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Professor Jane Kelsey, from the University of Auckland, New Zealand, spoke about risks of the new trade agreements, specifically the Trans Pacific Partnership (TPP) and the Trades in Services Agreement (TISA). These deals pose numerous threats to national sovereignty, public services, workers and our communities. Locking in nations to these agreements will severely limit the abilities of countries to determine internal regulations and standards. For example, the deals will remove preferences for local services over provision by foreign firms, remove caps on private competition or foreign investment and control, and loosen controls over money flows across borders.
These agreements have no social concerns, and are only about business objectives, she said. Multinational companies will be the big winners; workers and communities will lose out.
Kelsey warns that the TPP is a US-driven deal with three main aims: neutralizing China’s influence and reasserting the USA’s presence in the Asia Pacific, globalizing rules for US corporate profits, and creating ‘gold standard’ rules for AP trade agreement rules.
PSI Senior Policy and Advocacy Officer Daniel Bertossa spoke about TISA and the risks to public services, including in the areas of public procurement and state-owned enterprises.
Kamikar Kijtwachakul, civil society activist with FTA Watch Thailand, spoke about the importance of working with consumer patient and health groups to address the threats to affordable medicines and public healthcare.
Marilyn Head, Policy Analyst with the New Zealand Nurses Organisation, addressed the threats of the TPP to healthcare. The concerns including the ability to increase the price of medicines, decrease access to public care, and increase inequities. “This deal is a bitter pill to swallow,” she said.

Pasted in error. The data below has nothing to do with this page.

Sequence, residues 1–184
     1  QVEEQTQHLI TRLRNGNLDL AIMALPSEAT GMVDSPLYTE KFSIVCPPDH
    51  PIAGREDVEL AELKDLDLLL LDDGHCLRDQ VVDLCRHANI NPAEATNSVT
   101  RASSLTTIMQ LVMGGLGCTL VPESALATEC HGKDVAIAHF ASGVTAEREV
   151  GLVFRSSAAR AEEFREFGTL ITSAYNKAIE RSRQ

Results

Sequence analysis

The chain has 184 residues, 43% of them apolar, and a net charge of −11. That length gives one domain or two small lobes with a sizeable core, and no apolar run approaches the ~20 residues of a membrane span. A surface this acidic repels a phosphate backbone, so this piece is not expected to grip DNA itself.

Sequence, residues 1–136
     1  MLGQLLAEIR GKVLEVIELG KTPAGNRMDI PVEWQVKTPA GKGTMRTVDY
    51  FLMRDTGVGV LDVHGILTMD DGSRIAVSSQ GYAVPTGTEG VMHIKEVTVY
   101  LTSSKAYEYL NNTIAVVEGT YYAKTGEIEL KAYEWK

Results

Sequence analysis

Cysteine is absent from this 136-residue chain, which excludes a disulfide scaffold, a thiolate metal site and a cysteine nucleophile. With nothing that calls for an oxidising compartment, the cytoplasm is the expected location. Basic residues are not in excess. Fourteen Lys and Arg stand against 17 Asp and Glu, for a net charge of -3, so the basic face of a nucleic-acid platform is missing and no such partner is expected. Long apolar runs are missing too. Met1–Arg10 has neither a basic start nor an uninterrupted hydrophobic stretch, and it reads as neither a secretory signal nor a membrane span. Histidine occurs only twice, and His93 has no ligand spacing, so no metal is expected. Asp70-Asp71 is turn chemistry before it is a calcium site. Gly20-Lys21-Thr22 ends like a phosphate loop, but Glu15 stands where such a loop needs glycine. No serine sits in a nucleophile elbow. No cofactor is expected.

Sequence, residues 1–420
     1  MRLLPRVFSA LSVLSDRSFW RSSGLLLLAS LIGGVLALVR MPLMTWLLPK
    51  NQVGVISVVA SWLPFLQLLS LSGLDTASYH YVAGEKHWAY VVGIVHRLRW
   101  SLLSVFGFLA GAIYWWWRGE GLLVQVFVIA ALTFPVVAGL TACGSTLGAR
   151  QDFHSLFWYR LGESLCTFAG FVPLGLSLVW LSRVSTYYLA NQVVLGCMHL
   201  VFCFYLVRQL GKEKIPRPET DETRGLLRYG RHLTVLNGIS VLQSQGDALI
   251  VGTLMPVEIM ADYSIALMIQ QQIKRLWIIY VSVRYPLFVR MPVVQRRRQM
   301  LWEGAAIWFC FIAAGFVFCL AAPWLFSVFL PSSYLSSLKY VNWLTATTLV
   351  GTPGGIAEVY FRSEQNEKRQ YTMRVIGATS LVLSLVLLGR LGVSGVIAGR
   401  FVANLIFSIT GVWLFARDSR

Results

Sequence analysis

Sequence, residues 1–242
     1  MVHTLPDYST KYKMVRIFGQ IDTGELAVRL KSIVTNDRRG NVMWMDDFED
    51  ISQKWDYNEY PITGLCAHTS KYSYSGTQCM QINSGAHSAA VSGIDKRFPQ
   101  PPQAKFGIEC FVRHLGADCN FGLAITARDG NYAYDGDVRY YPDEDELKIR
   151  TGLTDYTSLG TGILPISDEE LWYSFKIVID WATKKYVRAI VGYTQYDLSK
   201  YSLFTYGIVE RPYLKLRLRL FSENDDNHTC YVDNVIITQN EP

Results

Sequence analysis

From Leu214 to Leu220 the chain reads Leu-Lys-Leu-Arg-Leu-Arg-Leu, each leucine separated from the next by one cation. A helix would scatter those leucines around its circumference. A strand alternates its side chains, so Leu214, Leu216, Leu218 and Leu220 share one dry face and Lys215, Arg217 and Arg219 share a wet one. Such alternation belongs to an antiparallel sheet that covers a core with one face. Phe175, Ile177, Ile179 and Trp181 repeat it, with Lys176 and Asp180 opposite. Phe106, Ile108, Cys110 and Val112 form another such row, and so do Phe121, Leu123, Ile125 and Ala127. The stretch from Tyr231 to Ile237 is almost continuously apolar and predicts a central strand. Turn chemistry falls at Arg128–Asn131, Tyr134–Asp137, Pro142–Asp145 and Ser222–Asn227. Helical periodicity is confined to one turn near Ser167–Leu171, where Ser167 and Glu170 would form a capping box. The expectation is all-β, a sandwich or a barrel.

Eisuke Hazam, Director of Organizational Management for ZENNORIN, an affiliate of the Japan Public Services Union (JPSU), spoke about specific concerns with agriculture, forestry and fisheries, and pledged to continue efforts to work with allies to educate Japanese people about the dangers of signing onto the TPP.
What can PSI affiliates do to reverse these secret deals? Following the panel presentation, affiliates held discussions in sub-regional groups to identify potential opportunities for shared action on trade issues. For example, unions in the Oceania area committed to actively informing and mobilizing their members against the TPP.
PSI has formed a global network of affiliates opposing the TPP, and all affiliates are invited to join in the efforts. More than 10,000 people have already signed onto a new anti-TPP petition in New Zealand. PSI and our civil society partners have organized a global petition signed by more than 230 major organizations to oppose the TISA deal. PSI organized a recent forum at the World Trade Organization to alert country negotiators of the risks of TISA, in advance of WTO meetings in Bali in December.
Please see the speakers’ presentations: